first_imgFacebook130Tweet0Pin0Submitted by the Bohlsen Group for Kay ChristyAs someone who has been clean for more than 30 years, Kay Christy is familiar with how addiction can erode an individual’s self-esteem. During her recovery process, she witnessed firsthand how important it is for people to develop self-confidence to overcome various obstacles in life.Helping individuals, especially those recovering from substance abuse, increase their self- esteem is exactly what Christy, a life coach, addresses in her book, “Gifts from Guidance.” In her book, she shares various affirmations and prayers tailored to help others improve their lives.Olympia author and recovered addict Kay Christy explores increasing self-esteem through spirituality in her new book.“Spirituality can sync the heart and mind to help people every day,” Christy said. “Prayers are universal in their message of love that bridges religion and spirituality with the human need for peace.”Christy is currently working to partner with various women’s substance abuse treatment centers in Oregon and Washington to teach those in recovery how improving their spirituality can aid in the process of becoming clean.“From my personal experience, I know that positive thought and prayer can be used to live a more fulfilling life,” Christy said. “I want to help individuals see the benefit of implementing spirituality into their daily life.”For more information, visit www.giftsfromguidance.com.Gifts from Guidance by Kay ChristyISBN: 978-1-4525-8998-5Available in softcover, hardcover, e-book Available on Amazon, Barnes & Noble and BalboaAbout the authorKay Christy is a life coach who has been in recovery for more than 30 years. She received a bachelor’s degree in business from The Evergreen State College and a master’s degree in behavioral science from City University of Seattle. She resides in Olympia.last_img read more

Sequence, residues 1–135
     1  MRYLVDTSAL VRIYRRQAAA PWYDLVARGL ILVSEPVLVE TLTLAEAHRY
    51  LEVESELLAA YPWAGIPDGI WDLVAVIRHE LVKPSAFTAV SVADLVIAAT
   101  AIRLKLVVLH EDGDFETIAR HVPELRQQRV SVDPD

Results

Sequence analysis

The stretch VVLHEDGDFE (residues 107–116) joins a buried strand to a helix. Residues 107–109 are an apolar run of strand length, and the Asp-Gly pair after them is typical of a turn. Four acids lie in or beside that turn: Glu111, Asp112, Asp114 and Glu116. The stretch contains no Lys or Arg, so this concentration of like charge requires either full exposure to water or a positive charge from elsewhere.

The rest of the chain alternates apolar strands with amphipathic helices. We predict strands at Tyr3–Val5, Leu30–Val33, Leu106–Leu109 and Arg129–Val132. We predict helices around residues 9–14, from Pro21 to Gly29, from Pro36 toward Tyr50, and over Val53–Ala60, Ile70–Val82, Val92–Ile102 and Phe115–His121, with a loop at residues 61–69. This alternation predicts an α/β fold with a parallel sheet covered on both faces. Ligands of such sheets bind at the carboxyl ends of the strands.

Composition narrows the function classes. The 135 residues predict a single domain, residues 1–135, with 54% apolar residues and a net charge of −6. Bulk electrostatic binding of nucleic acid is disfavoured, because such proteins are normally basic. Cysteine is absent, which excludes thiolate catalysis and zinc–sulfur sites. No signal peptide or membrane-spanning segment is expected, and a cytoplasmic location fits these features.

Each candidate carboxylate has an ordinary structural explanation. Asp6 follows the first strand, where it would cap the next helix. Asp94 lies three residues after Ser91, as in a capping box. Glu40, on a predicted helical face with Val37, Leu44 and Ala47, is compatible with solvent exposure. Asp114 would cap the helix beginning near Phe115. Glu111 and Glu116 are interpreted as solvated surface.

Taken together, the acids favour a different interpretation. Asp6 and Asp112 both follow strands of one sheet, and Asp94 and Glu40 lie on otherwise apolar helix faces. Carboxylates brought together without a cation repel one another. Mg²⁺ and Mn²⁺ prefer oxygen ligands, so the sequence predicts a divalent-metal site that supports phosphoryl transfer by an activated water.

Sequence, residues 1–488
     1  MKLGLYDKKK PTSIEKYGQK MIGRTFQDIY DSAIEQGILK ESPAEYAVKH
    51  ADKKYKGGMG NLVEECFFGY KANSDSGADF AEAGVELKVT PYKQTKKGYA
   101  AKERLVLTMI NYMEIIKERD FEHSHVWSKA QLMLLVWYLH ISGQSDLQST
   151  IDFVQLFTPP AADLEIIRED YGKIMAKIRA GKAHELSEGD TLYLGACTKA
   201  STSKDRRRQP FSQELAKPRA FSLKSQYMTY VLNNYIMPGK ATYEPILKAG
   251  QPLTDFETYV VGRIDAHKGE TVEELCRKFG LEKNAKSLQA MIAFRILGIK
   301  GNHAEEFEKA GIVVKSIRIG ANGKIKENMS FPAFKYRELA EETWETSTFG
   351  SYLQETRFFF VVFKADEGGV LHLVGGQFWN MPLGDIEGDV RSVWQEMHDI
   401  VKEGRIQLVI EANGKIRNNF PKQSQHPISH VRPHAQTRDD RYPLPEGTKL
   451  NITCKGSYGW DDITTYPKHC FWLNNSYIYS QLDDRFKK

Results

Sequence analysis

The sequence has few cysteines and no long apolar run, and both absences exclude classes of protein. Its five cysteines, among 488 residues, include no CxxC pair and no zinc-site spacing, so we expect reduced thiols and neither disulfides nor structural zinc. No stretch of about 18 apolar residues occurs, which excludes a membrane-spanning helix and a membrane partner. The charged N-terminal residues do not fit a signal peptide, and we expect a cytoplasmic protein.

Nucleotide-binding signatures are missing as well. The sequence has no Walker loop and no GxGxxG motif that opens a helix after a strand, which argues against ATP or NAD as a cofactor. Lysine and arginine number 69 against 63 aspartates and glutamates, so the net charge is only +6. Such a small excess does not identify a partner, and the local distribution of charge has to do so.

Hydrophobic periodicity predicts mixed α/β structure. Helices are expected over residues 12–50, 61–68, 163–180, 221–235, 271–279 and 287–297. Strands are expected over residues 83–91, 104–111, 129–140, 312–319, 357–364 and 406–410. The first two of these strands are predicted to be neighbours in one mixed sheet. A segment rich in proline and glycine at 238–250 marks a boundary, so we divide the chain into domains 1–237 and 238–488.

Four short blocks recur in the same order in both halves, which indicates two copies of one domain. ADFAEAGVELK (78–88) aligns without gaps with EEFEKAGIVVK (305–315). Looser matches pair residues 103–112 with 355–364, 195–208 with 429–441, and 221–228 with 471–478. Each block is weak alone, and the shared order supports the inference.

The Nelson Daily Team of the Week: LVR Bombers Swim Team

first_imgSmall in numbers, but big in heart and enthusiasm is the reason the L.V. Rogers Bombers Swim squad garners Team of the Week status for this week. The Bomber four finished with some impressive results at the Kootenay High School Swim Championships last week at the Nelson and District Community Complex Pool.The Bombers squad includes, from left, Becky Afford, Devyn Parker, Niallan Collier and Kevin Milde. Team sponsor Dave Afford is hopeful all member of the team will be front and center when the curtain rises on the B.C. High School Speed Swim Championships November 19-20 at the Aquatic Centre in Nanaimo.last_img